Thursday, December 01, 2011
Making friends. Or not.
Scum usually does rise to the top, often by sticking close to more solid stuff that floats.
I was in a little rowing boat, observing this phenomenon in a water body on the IIM Joka campus, when a half-brick splashed into the water a few feet away. A half-brick, not a pebble, not a stone. Two more followed. My friend and I were more concerned about getting brained than getting drenched, so we rapidly rowed to the other side of the pond. Got out, ran around to get the psychotic half-wit who was chucking the bricks. Of course, by the time our feet were on land again, the brick-chucker was a rapidly retreating blob in the middle distance.
That was in 1986. I still don’t know WHY he threw those bricks at us. It’s quite possible even HE didn’t know. (Incidentally, his hair was not so curly then. But the rest of him was about the same shape as it is now.)
Cut to 31st December 2002 (or was it 2003?). Calcutta had a new hotel and they’d thrown a party for the formal launch. I walked in late (as usual) and went to get a Coke for my wife. As I turned from the bar I saw … you know how some memories stay with you visually, like a freeze-frame? This was one of those moments, a mental photograph that has stayed with me. What I saw was this - about twenty feet away, the man-with-friends was keeling over to one side, one hand pressed to his jaw, obviously the effect of a close encounter with somebody’s fist. I confess I was actually happy that the guy had got his come-uppance (college hates tend to stay with you, don’t they?). I called to my wife – “***** **** just got punched in the face!”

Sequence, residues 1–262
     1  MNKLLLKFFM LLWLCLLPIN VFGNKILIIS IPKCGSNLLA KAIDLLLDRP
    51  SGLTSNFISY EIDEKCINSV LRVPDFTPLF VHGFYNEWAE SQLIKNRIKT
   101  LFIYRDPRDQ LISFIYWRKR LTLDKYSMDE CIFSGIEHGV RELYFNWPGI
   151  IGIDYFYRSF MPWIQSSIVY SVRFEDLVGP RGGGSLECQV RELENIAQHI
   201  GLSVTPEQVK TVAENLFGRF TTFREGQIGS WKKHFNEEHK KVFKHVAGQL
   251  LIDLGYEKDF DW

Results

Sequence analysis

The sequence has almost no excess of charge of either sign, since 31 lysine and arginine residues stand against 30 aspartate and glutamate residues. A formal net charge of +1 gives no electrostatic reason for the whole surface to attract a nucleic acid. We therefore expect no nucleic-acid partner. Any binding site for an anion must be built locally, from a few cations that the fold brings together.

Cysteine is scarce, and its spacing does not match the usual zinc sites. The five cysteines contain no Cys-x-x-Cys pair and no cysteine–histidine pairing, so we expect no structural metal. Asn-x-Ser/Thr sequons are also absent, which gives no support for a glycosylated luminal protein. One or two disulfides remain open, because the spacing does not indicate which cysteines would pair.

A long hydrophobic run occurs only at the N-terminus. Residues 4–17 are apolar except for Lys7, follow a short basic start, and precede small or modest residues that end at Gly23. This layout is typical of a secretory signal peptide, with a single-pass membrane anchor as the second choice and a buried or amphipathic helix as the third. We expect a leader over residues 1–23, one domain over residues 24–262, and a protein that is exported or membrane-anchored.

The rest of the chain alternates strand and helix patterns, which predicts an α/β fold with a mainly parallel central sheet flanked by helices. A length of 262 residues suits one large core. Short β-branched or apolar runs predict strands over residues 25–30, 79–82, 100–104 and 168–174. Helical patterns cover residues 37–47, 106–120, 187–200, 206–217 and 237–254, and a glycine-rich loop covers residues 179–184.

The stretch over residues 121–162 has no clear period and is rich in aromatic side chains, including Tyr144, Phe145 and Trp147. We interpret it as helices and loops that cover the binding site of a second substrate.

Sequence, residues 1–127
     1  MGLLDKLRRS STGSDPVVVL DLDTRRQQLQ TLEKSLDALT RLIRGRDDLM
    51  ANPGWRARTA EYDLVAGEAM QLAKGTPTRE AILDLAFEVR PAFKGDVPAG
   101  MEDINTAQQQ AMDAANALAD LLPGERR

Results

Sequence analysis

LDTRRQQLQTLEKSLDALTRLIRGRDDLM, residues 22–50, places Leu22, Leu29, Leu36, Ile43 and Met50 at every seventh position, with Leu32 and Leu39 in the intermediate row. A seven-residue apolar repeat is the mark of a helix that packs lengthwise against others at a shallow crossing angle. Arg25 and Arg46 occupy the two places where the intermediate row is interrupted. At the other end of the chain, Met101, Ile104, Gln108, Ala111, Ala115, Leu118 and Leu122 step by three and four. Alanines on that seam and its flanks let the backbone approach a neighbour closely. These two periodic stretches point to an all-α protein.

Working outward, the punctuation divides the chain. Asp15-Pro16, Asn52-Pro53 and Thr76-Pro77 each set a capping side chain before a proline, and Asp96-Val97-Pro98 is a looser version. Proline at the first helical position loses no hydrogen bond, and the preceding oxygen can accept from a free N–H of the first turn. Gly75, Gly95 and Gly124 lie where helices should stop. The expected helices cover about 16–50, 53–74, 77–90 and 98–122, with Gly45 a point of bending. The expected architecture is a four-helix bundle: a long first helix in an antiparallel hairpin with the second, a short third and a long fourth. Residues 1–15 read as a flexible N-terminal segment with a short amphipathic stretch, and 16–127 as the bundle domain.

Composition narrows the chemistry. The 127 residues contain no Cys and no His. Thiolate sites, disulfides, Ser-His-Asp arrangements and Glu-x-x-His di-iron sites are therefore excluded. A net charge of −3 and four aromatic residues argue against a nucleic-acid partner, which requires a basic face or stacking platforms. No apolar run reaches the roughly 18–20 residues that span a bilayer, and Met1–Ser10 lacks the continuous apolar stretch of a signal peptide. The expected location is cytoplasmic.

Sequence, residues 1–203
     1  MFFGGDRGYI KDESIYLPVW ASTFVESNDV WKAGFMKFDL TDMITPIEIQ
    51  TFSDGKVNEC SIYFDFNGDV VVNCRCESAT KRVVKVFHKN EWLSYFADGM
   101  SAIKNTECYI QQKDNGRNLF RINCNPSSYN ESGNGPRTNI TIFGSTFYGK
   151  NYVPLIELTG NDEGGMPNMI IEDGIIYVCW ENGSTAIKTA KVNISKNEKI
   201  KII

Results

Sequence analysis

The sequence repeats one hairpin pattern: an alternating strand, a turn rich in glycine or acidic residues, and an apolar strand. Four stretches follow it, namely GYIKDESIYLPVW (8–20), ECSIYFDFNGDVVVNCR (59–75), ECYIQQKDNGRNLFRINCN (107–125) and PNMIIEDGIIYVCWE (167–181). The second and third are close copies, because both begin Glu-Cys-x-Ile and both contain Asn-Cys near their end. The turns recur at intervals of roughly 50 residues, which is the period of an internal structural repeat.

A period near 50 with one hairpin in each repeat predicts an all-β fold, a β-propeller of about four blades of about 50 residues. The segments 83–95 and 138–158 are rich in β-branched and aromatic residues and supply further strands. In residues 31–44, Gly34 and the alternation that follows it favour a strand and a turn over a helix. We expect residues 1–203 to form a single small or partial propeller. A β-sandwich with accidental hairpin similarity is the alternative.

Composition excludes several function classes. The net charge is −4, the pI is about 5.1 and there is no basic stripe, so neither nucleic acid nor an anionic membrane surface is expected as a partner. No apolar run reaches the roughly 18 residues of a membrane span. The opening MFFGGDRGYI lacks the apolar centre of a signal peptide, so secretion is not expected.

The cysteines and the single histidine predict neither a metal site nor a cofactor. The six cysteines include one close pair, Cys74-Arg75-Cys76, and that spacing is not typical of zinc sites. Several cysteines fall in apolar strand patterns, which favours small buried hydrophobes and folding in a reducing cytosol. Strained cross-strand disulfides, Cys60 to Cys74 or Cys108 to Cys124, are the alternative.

Five COMPLETE strangers in the vicinity turned towards me and practically chorused – “WHO is the guy who punched him?! I want to get him a drink!”
Obviously the man-with-friends was as popular as he had been in our college days.
So Mihir Sharma has spent a lot of time going through this awesome self-help (?) book, then dissected it in some detail, and even published the resulting article in “Caravan”. The article has almost “gone viral” on the Interwebs - it’s trended on Twitter, been discussed on Facebook, inspired blog-posts, telephone conversations, reminiscences (yes, I KNOW this post is in the same category!). In the process, it has ensured wide publicity for a book written by a man who believes that there is no such thing as bad publicity. Sort of winning a battle and losing a war, surely?
Why bother spending so much time on a person whom you obviously dislike, Mr. Sharma? You’re just giving him the kind of importance HE thinks he deserves. A self-defeating exercise. You’re surprised that he’s made a lot of money by sucking up to the right people? You still wonder at the levels of hypocrisy that famous people are capable of? You find it worthy of comment that people put up with each other in hopes of making money? You secretly believe that our public figures are the spiritual descendants of MK Gandhi, Gautama Buddha and the Good Samaritan? You were on an extended holiday to Mars when the Radia tapes became news?